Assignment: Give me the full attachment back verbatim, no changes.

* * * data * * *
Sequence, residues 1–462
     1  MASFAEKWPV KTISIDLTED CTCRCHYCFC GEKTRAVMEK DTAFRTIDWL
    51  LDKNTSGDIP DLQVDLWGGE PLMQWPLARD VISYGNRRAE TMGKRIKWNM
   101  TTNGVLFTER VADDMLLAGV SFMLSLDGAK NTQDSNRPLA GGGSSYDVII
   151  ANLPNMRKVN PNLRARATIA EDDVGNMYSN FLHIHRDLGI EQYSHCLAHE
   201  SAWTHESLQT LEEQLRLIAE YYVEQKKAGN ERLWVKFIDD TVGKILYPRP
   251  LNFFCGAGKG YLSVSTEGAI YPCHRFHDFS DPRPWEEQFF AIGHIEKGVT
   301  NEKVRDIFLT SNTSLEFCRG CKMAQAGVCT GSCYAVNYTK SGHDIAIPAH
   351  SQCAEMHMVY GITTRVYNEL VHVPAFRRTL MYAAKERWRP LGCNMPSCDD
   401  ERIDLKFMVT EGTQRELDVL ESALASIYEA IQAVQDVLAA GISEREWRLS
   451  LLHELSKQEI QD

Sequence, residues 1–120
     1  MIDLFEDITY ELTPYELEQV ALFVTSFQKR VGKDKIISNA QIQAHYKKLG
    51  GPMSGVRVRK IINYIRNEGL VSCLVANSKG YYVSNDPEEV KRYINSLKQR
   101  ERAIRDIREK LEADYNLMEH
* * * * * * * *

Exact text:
Sequence, residues 1–462
     1  MASFAEKWPV KTISIDLTED CTCRCHYCFC GEKTRAVMEK DTAFRTIDWL
    51  LDKNTSGDIP DLQVDLWGGE PLMQWPLARD VISYGNRRAE TMGKRIKWNM
   101  TTNGVLFTER VADDMLLAGV SFMLSLDGAK NTQDSNRPLA GGGSSYDVII
   151  ANLPNMRKVN PNLRARATIA EDDVGNMYSN FLHIHRDLGI EQYSHCLAHE
   201  SAWTHESLQT LEEQLRLIAE YYVEQKKAGN ERLWVKFIDD TVGKILYPRP
   251  LNFFCGAGKG YLSVSTEGAI YPCHRFHDFS DPRPWEEQFF AIGHIEKGVT
   301  NEKVRDIFLT SNTSLEFCRG CKMAQAGVCT GSCYAVNYTK SGHDIAIPAH
   351  SQCAEMHMVY GITTRVYNEL VHVPAFRRTL MYAAKERWRP LGCNMPSCDD
   401  ERIDLKFMVT EGTQRELDVL ESALASIYEA IQAVQDVLAA GISEREWRLS
   451  LLHELSKQEI QD

Sequence, residues 1–120
     1  MIDLFEDITY ELTPYELEQV ALFVTSFQKR VGKDKIISNA QIQAHYKKLG
    51  GPMSGVRVRK IINYIRNEGL VSCLVANSKG YYVSNDPEEV KRYINSLKQR
   101  ERAIRDIREK LEADYNLMEH